A Publishers Weekly “Notable African-American Titles”
ABOUT DR. REYNOLDS
The Reverend Dr. Barbara A. Reynolds is an award- winning journalist, activist and educator. She has more than 50 years of experience as a journalist/writer with some of the major media institutions in America, such as Ebony magazine, Essence Magazine, The Chicago Tribune and Playboy magazine. In addition, she was a Founding Start-Up Editor with USA Today where she was an editorial board member and columnist for more than 13 years. She has served as religion columnist for the National Newspaper Publishers Association, which reports a readership of 10 million. She was also an activist in the King Movement helping to register blacks to vote in 1965.
Reynolds is author of seven books, including NO I Won’t Shut Up: 30 years of Telling It Like It is; Out of Hell and Living Well, Healing From the Inside Out; Doing Good in the Hood, the Life, Legacy and Leadership of Bishop Alfred Owens; Jesse Jackson, the Man, the Myth and the Movement; And Still We Rise: Interviews with 50 Black Role Models. Her recently published memoirs of Coretta Scott King, My Life, My Love, my Legacy is a New York Times Bestseller and on April 4, 2018, she was cited by Time Magazine as one of the top historians in the country.
In 2018, her Coretta Book project took her on a tour to the UK where she spoke in Parliament in the Palace of Westminster March 14, 2018.; On March 19, 2018 at the University College of, London hosted by The UCL Culture & Institute of the Americas and at the University of Birmingham, Cadbury Centre for the Public Understanding of Religion.
The Coretta Book earned her many accolades:
Named a Washington Post Book to Read
A New York Times Book Review Editors’ Choice
A USA Today “New and Noteworthy” Pick
A Read It Forward Favorite Read
A Parade Magazine Pick
A Publishers Weekly “Notable African-American Titles”
Time Magazines’ celebration of MLK week
Recently she was a columnist for the Washington Post Newspaper and presently writes for the Informer Newspaper and the Trice-Edney Wire Service. She is also chaplain for Black Women for Positive Change, a national progressive civil rights and humanitarian network and has for 20 years presided over the Harriets, a spirit-led mentoring movement at Greater Mt. Calvary Holy Church in Washington DC. The ministry is named after Harriet Tubman, the famed former slave who helped lead hundred of slaves to freedom.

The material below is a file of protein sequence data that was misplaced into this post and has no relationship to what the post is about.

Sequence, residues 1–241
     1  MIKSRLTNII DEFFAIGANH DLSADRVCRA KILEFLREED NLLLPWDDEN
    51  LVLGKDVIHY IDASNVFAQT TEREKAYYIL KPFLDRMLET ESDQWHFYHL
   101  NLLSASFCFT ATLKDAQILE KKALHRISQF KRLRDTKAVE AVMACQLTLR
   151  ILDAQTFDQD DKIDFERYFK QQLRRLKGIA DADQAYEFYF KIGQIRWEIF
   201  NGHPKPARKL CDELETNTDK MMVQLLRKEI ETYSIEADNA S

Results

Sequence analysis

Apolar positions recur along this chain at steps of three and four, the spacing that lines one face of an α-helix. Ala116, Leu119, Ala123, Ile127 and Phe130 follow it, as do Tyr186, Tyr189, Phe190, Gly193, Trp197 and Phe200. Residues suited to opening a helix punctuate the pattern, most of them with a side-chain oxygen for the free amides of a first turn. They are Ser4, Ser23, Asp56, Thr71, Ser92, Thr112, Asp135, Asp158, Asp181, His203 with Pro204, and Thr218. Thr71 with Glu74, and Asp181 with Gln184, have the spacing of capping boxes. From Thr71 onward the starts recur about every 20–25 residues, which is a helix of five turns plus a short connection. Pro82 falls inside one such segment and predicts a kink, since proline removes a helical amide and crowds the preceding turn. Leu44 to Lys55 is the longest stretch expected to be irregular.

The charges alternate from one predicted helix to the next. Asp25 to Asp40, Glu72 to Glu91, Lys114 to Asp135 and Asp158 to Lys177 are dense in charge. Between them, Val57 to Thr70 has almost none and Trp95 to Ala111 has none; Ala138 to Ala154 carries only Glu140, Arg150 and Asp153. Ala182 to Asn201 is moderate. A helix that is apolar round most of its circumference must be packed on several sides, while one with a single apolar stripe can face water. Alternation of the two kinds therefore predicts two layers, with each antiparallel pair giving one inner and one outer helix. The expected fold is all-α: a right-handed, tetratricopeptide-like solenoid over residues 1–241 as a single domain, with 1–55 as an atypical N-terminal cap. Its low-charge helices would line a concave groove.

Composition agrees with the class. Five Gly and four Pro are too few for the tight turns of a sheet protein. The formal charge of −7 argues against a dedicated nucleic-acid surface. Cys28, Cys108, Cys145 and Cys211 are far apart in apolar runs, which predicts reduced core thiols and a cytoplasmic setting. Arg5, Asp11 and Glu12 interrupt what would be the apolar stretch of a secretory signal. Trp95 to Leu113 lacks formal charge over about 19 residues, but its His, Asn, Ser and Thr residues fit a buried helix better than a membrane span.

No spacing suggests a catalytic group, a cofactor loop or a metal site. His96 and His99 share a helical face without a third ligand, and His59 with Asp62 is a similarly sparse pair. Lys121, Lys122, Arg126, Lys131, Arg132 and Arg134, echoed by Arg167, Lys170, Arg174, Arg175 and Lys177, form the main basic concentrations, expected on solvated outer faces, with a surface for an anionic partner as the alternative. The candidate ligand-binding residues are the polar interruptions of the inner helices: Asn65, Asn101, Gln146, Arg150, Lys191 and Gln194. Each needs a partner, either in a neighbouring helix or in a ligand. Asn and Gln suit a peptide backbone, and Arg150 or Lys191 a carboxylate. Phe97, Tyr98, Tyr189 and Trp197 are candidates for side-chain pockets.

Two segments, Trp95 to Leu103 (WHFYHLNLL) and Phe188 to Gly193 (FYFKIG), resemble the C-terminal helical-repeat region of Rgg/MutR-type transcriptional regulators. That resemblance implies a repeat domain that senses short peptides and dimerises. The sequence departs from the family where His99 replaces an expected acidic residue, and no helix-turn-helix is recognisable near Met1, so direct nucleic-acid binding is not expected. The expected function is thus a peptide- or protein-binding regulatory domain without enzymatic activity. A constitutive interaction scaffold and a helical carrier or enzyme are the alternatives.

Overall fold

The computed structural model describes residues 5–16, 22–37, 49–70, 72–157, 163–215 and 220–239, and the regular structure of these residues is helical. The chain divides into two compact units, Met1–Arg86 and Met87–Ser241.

In 2014, she was inducted into the Board of Preachers at Morehouse College, for her exemplary work emulating the life of Dr. Martin Luther King Jr., one of Morehouse’s most distinguished graduates.
Reynolds is also an educator. In 2009 she directed the Honors Program and taught journalism at Central State College in Wilberforce, Ohio. She has held the Jessie Ball DuPont Chair in Journalism at Shenandoah University in Winchester, VA and was a Freedom Forum Scholar for the 1997 school year in journalism at Florida A&M University in Tallahassee and has taught journalism at the Howard University School of Communications. She has taught prophetic ministry at the Howard University School of Divinity and the Black Presence in the Bible and Eschatology at the Calvary Bible Institute. She is one of 12 founders of the Kingdom Building Equipping School headquartered in Norfolk, VA and teaches on eschatology (the end times) online. IN 2019, she introduced a new curriculum at the Calvary Bible Institute in Washington DC: TECHNOLOGY: Highway to Heaven or Pathway to Hell?
Born in Columbus, OH, she received her BA in journalism from The Ohio State University, her master’s degree from Howard University School of Divinity in 1992 and her Doctorate in Ministry from the United Theological Seminary in Dayton, OH in 1998. She also has been awarded honorary doctorates in humane letters from Shenandoah University and her alma mater, Ohio State University. Bishop Alfred A. Owens, Jr. ordained her an elder at the Greater Mt. Calvary Holy Church in 1995.
In earlier interviews President Obama had conceded that his speech Wednesday at the Lincoln Memorial would be no match for the eloquence of Dr. Martin Luther King Jr. whose “I have a dream speech” in 1963 is called the greatest address of the 20th Century.
In my book, The Life, Love and Legacy of Coretta King, she said, “On April 4, 1968, I felt my heart was ripped apart. This was the trail of the century, but the trial of O.J. Simpson was covered by thousands, only a very few carried this trial. If such a crime and cover-up could happen to a man of my husbands’ stature with no consequences, it could happen again. And I want everyone to be aware of what we know”. You can read the report for yourself on line and also read the report of the U.S. Justice Department, who of course, denounced it.
I have been fighting this practically all my life and each step I take in faith the stronger I get. Last week fear rose up in me almost overwhelming. I was told I had to take an MRI because they had a spot on my liver. Ironically, I didn’t fear bad news about the spot because I knew God would handle it, but somehow the thought of getting in a tube and being locked in with mechanical sounds pounding in my ear just filled me with anxiety.
I heard that some of the acclaim from Little Nasty is because he is contributing money to black causes. If that is true, well those groups who are in line for the dough should understand no matter how much Little Nasty is dropping in their pockets, he is doing much more harm deconstructing our image as sane and moral human beings.
Florida State University will honor the legacy of Martin Luther King Jr. during its 33rd Annual MLK Week from Monday, Jan. 18, through Friday, Jan. 22. The weeklong celebration will feature a range of events, including virtual offerings, inspired by the theme “The Black Women in Our Lives.”